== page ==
that I work to apply to my work as a journalist.
If I make each mistake only once, eventually I`ll
run out of mistakes to make. And then I really
will be a... Wait for it... Perfect journalist.
In the meantime, you can stay ahead of the
game by learning from mistakes that I`ve made
before you make them yourself.
If you remember to send individual e-mails,
let sources know if you can`t use their informa-
tion and use quotes like chocolate - and instinc-
tively avoid all the other mistakes I`ve made
that I`m too ashamed to tell you about - you`ll
be well on your way to becoming a perfect jour-
nalist... Or, at least, the next best thing. #
The world has seen them. Ohio University has seen them. The rest of
us look at them in awe, record their every move and fervently wish to be
They`re that special, unexplainable, infnitely magnifcent breed we
know simply as ... Perfect journalists.
I, unfortunately, am not among this group.
However, I`ve worked to become the next best thing - the journalist
who makes note of her mistakes, comes to an understanding of why they
happened and stores that knowledge in her guilty mental cache affection-
ately dubbed as, 'Things I`m never, ever going to do again. Ever.¨
Once that step has been taken, there`s really only one thing to do -
share those mistakes with my fellow student journalists in the fervent
hope that you all will avoid my imprudent blunders.
So here goes... For your sake, I`m airing my dirty journalism laundry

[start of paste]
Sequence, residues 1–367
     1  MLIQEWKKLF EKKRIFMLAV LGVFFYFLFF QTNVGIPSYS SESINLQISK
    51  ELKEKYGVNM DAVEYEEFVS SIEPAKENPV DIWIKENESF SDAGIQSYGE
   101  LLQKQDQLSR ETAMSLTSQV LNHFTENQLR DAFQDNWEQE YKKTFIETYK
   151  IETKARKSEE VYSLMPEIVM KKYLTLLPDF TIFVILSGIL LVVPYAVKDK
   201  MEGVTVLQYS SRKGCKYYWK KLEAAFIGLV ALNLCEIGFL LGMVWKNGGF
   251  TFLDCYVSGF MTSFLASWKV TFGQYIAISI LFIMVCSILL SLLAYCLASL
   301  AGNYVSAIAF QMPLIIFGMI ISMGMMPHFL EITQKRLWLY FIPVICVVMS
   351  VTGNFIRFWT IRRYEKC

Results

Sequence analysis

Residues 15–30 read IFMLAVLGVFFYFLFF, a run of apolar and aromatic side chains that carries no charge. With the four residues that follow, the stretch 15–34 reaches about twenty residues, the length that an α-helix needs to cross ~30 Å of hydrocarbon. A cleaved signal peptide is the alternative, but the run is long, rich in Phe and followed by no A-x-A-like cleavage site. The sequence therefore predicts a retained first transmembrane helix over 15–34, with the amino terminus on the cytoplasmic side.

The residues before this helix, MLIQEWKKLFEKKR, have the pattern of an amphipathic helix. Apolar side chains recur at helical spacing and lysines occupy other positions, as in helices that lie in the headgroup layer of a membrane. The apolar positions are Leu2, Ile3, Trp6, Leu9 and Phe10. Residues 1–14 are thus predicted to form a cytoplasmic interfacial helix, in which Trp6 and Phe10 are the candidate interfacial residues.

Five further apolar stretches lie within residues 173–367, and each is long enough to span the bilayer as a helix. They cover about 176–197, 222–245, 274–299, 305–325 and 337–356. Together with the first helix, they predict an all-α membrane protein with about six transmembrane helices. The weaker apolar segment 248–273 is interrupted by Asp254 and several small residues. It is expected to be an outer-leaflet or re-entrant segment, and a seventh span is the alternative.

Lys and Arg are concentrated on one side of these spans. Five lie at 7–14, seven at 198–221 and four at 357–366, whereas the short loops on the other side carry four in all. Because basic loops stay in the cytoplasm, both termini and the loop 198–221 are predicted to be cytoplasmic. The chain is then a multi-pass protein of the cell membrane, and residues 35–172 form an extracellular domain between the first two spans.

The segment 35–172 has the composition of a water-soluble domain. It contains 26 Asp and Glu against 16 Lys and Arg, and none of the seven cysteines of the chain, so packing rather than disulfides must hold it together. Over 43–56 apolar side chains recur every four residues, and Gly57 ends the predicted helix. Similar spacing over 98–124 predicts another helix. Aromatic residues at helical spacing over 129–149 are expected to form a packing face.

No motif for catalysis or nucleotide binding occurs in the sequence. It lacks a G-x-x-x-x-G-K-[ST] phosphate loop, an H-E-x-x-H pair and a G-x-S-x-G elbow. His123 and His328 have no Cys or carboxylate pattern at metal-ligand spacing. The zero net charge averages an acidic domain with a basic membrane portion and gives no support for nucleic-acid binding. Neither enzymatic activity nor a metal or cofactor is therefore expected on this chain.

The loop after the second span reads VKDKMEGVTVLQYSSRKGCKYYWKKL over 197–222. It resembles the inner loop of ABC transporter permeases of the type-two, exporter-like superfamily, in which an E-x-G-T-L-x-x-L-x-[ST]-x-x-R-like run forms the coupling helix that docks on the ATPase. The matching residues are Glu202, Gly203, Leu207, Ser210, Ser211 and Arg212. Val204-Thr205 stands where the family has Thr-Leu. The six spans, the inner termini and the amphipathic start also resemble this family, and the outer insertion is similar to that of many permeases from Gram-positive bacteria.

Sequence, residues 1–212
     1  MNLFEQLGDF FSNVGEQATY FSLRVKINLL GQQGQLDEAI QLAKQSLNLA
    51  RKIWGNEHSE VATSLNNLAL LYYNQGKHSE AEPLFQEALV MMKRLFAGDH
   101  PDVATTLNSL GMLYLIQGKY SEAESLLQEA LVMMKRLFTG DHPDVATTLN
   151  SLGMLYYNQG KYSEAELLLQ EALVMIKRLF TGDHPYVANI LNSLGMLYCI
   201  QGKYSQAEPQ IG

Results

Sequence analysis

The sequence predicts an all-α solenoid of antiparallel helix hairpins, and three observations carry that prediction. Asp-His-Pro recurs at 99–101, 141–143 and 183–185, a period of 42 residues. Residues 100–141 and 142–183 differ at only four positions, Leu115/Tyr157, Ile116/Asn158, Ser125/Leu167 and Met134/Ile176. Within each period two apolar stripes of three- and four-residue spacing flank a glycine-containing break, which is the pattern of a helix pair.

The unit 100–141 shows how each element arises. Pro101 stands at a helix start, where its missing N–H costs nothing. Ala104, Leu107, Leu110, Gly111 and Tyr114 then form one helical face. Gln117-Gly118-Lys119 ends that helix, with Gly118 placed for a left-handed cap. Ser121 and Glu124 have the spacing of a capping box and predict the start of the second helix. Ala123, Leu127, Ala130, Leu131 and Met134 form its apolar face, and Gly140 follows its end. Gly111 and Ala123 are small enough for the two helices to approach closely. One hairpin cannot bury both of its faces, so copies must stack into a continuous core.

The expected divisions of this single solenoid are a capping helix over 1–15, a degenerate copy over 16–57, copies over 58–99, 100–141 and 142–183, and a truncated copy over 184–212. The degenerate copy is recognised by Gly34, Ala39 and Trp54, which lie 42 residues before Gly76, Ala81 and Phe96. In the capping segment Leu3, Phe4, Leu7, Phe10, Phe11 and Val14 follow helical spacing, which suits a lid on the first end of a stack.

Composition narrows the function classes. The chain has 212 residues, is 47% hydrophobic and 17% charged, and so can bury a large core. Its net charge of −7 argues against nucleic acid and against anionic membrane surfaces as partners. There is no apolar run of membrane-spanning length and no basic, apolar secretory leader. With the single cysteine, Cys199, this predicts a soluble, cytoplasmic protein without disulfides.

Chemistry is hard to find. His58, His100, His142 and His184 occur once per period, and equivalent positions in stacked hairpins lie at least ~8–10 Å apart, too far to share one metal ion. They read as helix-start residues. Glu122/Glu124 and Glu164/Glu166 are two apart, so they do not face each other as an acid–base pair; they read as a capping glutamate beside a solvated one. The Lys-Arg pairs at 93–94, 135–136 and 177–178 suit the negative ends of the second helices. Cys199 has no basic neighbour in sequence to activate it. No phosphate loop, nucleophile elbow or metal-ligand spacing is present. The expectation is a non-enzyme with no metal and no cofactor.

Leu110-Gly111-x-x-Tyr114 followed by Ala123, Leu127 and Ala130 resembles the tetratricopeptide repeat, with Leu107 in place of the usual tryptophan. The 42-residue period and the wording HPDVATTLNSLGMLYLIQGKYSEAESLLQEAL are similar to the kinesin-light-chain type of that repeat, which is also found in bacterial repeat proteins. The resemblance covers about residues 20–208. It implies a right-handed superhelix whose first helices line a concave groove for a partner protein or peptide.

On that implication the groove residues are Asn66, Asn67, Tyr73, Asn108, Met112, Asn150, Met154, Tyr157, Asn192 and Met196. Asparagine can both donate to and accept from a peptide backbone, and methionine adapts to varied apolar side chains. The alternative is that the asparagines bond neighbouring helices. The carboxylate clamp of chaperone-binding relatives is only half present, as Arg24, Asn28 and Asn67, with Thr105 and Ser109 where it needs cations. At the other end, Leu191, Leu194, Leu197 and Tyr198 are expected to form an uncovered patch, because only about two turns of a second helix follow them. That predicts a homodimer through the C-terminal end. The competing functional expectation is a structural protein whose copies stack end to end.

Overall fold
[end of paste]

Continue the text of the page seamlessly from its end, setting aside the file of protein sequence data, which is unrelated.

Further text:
so that you will beneft in your
future endeavors. Take notes -
really, pull out some paper and
take notes; I`m not kidding - so
that you can be informed on the
best ways to avoid what I like to
call 'Rebecca-gaffes.¨
The frst thing I`ve learned is
that sending out mass e-mails is
a bad idea. If a potential source
opens an e-mail that asks for
help with a story and sees three
dozen names in the 'To¨ box, it`s very likely he will respond in one of
two ways. He may ignore your questions, assuming that with so many
sources, you`ll get whatever information you need from someone else.
Or he may dismiss you as being a lazy sloth who can`t be bothered to
pair questions with each individual source. Either way - he doesn`t reply,
you don`t get quotes and your story suffers.
My advice? (And remember, with all of these tips,
this advice was won the hard way.) Even if you`re
asking more than one person the same questions,
take the extra time to contact each person individu-
ally. You will see better results. Plus, your sources
won`t think you`re a jerk. And in journalism, this is
always a plus.
Mistake number two: Receiving information from
a source - either through an interview or an e-mail
request - and not letting him know if you decide not
to use it. It is, of course, a reporter`s prerogative to
decide at his discretion what information to include
in a story and what to leave out. However, if a source
Your stories should reach a point that
your readers, upon seeing a set of
quotation marks, know they contain
something signifcant.
A publication of the Ohio University
Society of Professional Journalists
. c
lnc. co-editor and columnist Rebecca McKinsey divulges her blunders so that you won't make them too.